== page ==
John Scott Haldane CH FRS

Died aged c. 76

John Scott Haldane CH FRS (/ˈhɔːldeɪn/; 2 May 1860 – 14/15 March 1936) was a British physician and physiologist famous for intrepid self-experimentation which led to many important discoveries about the human body and the nature of gases. He also experimented on his son, the celebrated and polymathic biologist J. B. S. Haldane, even when he was quite young. Haldane locked himself in sealed chambers breathing potentially lethal cocktails of gases while recording their effect on his mind and body. Haldane visited the scenes of many mining disasters and investigated their causes. When the Germans used poison gas in World War I, Haldane went to the front at the request of Lord Kitchener and attempted to identify the gases being used. One outcome of this was his invention of the first respirator. Haldane's investigations into decompression sickness resulted in the first reasonably reliable decompression tables, and his mathematical model is still used in highly modified forms for computing decompression schedules.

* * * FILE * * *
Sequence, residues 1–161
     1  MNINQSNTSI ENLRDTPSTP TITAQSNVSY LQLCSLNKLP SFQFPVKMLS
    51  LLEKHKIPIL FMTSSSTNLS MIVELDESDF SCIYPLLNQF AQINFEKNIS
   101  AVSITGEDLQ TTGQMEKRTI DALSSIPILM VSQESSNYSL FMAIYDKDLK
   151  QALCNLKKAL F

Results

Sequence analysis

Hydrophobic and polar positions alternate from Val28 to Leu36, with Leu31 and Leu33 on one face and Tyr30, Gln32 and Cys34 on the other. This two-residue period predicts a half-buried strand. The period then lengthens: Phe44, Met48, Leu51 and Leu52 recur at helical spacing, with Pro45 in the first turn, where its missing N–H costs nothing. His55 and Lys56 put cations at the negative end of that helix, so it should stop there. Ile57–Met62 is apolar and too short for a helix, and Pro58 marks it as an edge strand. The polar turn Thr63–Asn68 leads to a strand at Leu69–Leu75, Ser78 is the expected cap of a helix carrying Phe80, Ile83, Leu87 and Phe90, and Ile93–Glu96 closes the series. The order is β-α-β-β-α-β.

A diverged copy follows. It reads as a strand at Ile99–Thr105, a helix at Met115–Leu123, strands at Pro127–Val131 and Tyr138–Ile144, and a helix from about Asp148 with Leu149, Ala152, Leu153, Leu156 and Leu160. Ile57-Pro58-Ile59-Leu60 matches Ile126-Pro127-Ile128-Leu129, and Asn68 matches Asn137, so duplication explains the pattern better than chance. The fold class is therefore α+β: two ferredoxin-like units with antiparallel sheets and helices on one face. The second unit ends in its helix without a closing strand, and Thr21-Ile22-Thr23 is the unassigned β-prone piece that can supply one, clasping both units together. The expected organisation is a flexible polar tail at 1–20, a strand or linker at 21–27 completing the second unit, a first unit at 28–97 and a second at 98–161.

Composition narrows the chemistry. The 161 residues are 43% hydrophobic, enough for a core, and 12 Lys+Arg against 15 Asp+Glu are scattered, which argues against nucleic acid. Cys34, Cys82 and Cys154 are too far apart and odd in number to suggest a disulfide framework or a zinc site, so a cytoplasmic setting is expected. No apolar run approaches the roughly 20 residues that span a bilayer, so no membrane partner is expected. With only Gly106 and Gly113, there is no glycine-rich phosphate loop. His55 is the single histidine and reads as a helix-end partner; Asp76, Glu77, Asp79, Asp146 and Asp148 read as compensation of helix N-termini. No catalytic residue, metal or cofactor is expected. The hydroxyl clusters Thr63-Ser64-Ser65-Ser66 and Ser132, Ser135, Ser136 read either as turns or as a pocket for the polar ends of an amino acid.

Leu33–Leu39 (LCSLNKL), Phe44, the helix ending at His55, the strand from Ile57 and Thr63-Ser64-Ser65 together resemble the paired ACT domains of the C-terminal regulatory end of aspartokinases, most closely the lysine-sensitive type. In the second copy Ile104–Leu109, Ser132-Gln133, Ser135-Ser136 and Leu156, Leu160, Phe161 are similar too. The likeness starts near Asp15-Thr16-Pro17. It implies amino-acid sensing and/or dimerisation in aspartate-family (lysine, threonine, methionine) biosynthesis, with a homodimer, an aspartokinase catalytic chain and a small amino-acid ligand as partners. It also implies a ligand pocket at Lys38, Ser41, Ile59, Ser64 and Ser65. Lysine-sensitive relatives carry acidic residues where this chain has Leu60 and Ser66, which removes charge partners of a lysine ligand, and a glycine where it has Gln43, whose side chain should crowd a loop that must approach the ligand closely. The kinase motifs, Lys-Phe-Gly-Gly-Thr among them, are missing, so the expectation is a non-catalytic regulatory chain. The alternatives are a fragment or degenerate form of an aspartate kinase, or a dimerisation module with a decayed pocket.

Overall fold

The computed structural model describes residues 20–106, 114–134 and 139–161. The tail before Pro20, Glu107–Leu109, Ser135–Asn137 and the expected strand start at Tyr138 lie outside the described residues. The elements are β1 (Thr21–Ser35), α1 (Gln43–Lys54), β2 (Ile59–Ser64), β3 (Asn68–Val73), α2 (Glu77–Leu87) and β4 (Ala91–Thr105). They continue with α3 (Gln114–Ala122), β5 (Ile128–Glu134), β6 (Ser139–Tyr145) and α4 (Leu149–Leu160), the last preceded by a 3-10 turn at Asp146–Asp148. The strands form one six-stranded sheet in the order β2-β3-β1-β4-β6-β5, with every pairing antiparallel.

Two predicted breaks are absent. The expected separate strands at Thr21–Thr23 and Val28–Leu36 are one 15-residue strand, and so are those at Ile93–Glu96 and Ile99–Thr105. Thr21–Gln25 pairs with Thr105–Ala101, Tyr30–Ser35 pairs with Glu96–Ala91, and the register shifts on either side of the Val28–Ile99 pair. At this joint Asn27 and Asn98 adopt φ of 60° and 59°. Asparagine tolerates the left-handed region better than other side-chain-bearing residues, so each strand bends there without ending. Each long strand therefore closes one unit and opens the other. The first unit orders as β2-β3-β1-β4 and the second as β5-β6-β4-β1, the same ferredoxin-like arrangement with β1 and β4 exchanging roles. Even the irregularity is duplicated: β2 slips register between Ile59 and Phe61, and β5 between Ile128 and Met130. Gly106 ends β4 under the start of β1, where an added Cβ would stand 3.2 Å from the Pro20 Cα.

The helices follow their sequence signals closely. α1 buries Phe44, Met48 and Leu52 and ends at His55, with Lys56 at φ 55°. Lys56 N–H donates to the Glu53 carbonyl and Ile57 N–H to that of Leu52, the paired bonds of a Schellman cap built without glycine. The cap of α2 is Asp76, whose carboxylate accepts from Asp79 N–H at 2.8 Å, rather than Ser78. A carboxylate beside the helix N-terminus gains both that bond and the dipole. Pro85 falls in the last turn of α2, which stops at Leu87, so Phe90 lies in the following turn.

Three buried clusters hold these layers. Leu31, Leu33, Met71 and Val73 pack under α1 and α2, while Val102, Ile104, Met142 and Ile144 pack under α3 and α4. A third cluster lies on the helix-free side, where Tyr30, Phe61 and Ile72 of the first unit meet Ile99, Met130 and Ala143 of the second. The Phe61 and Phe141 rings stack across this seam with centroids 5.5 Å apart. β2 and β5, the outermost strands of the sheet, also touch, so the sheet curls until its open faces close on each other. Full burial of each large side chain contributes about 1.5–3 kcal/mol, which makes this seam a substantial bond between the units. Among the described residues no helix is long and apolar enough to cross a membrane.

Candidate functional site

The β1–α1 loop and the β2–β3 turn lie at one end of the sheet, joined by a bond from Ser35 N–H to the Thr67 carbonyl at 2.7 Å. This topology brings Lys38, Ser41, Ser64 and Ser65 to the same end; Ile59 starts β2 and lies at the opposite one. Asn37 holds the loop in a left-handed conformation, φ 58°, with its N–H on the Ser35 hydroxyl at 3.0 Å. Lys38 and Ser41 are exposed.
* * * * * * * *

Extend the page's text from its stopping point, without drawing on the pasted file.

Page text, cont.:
Wikidata Wikipedia

Commemorated on 1 plaque

J. S. Haldane CH FRS 1860-1936 physiologist lived and conducted experiments here 1891-1899

Crick Road, Oxford, United Kingdom where they lived and conducted experiments